5. (countable) A group of skunks.

Synonyms

  • (excessive amount of something): excess, glut, overabundance, superfluity, surplus, ug
  • (overindulgence in food or drink): gluttony, overeating, overindulgence
  • (disgust caused by excess): nausea

Translations

Verb

surfeit (third-person singular simple present surfeits, present participle surfeiting, simple past and past participle surfeited)

  1. (transitive) To fill (something) to excess.
    Synonym: stuff
    • 1610, The Tempest, by Shakespeare, act 3 scene 3,
      You are three men of sin, whom Destiny,
      That hath to instrument this lower world
      And what is in’t,—the never-surfeited sea
      Hath caused to belch up you;
  2. (transitive) To feed (someone) to excess (on, upon or with something).
    Synonyms: glut, overfeed, stuff
    She surfeited her children on sweets.
    • 1665, Robert Boyle, Occasional Reflections upon Several Subjects, London: Henry Herringman, Reflection 10, p. 186,[3]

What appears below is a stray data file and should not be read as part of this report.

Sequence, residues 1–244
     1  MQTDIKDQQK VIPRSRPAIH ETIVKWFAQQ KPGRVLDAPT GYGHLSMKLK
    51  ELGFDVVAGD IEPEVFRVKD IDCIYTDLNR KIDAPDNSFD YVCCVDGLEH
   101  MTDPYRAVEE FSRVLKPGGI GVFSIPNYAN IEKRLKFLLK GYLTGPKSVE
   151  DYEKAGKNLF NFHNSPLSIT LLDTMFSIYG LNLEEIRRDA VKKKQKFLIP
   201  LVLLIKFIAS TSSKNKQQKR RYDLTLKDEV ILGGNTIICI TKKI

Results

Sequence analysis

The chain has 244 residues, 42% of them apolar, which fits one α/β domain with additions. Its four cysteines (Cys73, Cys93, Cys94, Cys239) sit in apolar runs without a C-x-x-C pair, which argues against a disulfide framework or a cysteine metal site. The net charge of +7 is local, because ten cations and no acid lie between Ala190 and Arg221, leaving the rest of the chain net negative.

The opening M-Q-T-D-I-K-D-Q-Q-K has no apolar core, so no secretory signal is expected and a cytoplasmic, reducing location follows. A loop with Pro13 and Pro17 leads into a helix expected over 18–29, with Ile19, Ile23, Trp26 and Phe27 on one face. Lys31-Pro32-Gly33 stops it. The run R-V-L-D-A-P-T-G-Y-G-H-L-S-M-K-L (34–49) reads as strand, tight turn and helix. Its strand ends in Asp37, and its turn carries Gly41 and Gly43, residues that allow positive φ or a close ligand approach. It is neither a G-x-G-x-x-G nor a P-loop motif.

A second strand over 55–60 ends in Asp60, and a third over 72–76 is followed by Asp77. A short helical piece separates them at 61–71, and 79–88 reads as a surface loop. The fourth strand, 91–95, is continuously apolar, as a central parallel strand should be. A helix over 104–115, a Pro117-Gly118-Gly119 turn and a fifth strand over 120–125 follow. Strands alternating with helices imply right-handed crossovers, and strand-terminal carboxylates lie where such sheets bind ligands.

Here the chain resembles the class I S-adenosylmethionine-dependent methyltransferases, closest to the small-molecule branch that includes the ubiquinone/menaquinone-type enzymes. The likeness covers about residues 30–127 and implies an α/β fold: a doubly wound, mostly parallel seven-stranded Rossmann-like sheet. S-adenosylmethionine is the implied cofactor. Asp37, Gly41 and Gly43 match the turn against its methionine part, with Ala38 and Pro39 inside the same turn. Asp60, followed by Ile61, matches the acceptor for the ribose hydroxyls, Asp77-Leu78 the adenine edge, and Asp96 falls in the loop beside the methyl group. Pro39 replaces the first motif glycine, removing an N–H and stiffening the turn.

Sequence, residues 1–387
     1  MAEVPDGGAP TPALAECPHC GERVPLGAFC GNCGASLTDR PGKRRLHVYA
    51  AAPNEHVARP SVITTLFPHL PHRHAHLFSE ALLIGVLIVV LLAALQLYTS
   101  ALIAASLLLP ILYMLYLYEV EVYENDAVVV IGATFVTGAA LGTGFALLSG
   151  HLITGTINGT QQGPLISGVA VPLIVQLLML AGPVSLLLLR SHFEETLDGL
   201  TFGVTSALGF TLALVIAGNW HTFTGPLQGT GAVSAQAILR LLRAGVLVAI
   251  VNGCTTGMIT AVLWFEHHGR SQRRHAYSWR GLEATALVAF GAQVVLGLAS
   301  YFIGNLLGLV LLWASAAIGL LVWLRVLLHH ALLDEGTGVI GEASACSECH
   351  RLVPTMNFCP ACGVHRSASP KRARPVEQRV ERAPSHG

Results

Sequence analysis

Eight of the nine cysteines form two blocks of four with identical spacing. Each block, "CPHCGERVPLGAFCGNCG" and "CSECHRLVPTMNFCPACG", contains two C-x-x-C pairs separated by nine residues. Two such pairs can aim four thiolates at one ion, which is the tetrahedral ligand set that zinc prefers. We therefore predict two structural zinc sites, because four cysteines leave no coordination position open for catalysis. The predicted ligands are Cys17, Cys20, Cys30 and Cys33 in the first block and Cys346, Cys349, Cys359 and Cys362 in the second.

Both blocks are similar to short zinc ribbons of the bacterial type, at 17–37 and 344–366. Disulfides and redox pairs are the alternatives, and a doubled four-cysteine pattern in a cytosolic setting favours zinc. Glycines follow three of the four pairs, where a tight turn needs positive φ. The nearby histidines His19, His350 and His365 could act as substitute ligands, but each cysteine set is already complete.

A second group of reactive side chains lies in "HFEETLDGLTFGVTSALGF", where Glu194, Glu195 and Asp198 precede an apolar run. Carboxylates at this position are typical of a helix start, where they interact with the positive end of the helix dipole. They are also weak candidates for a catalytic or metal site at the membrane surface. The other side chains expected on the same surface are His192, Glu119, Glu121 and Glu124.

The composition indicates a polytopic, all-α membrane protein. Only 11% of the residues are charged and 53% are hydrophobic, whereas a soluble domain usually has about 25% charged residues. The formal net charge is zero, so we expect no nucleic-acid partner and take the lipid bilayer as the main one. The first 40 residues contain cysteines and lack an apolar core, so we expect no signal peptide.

[] ev’n the wholsomest Meats may be surfeited on, and there is nothing more unhealthy, than to feed very well, and do but very little Exercise.
    • 1906, O. Henry, “The Furnished Room” in The Four Million, New York: A.L. Burt, p. 240,[4]
      To the door of this, the twelfth house whose bell he had rung, came a housekeeper who made him think of an unwholesome, surfeited worm that had eaten its nut to a hollow shell and now sought to fill the vacancy with edible lodgers.
    • 1909, Arnold Bennett, The Old Wives’ Tale, Leipzig: Bernhard Tauchnitz, Volume 1, Book 2, Chapter 8, section 1, p. 318,[5]
      If he said of a dish, in the local tongue: “I could do a bit of that!” or if he simply smacked his lips over it, she would surfeit him with that dish.
  3. (transitive) To make (someone) sick as a result of overconsumption.